I don't have any information on the church but she's quite a beauty, isn't she.  I don't think there's the faintest chance that it was built to look old, it really is.

There is a castle in the background and hopefully I can find it.

What I liked most about this picture is the old man with the walking stick as I was quite lost by this point and was studying a map of bus routes to try to get some idea of what to do.  While I was doing that, there was a very sharp click, click, click that slowly grew. It didn't take long before I had to know what it was and it came from the old man’s walking stick as he made his way most determinedly across the street and on down the sidewalk.  Lovely old guy.

It seemed every time I saw another highway sign it was directing this way to A6 to Paris.  I was doing quite a bit of highly-profane muttering after some time to the effect: I'm not trying to get to damn Paris ... although my language might have been a bit more colorful than that.

So I went with keep heading north and follow the Rhone.  Sooner or later you will find a road that works.  And, yep, I did.  It even got me to the one I wanted, D306, but I didn't know it for probably twenty kilometers or so.  It was really lovely driving alongside the Rhone and there were lots of stops and goes but it was still wonderful.  I didn't get as far as I had hoped but I spent a lot of time wandering about Lyon and some of it was frustrating but mostly it was fun just to explore.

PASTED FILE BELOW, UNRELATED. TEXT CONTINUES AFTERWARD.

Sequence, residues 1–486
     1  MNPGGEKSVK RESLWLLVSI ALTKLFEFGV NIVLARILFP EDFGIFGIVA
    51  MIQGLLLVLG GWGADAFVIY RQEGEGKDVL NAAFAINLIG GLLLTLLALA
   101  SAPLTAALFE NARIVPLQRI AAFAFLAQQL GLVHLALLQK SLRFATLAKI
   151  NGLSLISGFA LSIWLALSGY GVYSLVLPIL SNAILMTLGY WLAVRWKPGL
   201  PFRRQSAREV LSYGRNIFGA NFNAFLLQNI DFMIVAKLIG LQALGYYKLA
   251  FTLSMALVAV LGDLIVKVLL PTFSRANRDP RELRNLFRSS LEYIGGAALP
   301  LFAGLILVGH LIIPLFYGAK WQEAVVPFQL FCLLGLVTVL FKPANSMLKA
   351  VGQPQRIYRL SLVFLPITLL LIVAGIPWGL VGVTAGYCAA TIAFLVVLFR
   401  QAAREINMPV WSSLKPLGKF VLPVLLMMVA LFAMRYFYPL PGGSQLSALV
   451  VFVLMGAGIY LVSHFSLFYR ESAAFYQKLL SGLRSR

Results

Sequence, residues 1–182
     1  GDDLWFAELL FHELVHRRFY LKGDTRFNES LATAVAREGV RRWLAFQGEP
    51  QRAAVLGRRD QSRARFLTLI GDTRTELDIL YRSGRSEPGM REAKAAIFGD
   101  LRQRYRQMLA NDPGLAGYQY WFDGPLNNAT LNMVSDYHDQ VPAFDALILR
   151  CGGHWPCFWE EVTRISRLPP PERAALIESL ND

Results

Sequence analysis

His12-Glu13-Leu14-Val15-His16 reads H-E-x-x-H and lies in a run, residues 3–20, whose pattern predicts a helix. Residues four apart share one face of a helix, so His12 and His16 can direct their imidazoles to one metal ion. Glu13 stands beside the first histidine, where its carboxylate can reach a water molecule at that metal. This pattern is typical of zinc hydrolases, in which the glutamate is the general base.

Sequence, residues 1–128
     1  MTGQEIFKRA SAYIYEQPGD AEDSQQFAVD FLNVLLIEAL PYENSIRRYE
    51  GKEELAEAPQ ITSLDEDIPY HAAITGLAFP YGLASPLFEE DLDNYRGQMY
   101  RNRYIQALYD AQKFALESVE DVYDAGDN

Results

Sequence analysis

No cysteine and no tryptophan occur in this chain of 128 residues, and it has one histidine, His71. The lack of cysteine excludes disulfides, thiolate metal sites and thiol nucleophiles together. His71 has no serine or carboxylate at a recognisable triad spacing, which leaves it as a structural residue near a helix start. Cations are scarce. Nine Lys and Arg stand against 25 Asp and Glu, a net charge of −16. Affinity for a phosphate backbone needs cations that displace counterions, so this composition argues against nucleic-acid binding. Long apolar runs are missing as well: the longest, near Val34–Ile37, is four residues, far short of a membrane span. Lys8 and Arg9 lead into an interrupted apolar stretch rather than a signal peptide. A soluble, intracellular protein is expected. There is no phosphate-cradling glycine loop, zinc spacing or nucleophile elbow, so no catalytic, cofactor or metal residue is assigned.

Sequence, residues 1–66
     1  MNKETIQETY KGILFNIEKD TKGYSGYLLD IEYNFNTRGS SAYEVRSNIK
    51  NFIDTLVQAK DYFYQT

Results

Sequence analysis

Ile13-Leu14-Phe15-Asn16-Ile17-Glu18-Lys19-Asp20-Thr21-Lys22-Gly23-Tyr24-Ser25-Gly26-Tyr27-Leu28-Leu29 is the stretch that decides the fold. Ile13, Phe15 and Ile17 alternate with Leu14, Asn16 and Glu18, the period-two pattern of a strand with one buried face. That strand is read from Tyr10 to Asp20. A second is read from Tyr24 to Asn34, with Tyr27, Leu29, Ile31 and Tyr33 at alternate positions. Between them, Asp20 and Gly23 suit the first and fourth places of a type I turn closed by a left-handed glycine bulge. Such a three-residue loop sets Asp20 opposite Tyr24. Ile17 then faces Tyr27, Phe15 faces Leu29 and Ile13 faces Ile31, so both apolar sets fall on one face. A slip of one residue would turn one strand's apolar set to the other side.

If you check the perspective of the castle against the picture of 3D Street Art in Lyon, you will see I wasn't too far away from this artwork.  Thanks to Yevette for finding this.

The chalk drawing wouldn't alone be enough of a reason to go back there but Le Tour de France will be there on Saturday and Sunday and several of you have said what a shame it would be to miss it.  Instead of backtracking, another possibility is to go west from here to Saint Pourcain-sur-Sioule as Le Tour will go through there on July 13.  I would arrive there on July 11 and perhaps could find somewhere cheap to stay for a few days until they come through.  It looks like N79 to get there.

From Saint Pourcain-sur-Sioule my own Le Tour would then go to Tours, Le Mans, and Le Havre.  That means no Belgium but I'm not seeing a whole lot of reason to go into Belgium just to 'tag it' or some such.  I told you all I'm happy to be your eyes and ears for this so I believe I have today's Le Tour objective.

I have a very generous offer from Susan and Crap to put me on a train to get the rest of the way if I make it to Calais but I really think it's important to see this thing through all the way.  Going to Stonehenge may seem corny but I don't feel that way about it at all.  More North is lefty Unplugged who plays frequent RL live shows and that would be one major treat to attend plus I could shoot some video so you could see and hear it.

So, onward with Le Tour de Silas

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Made it to Macon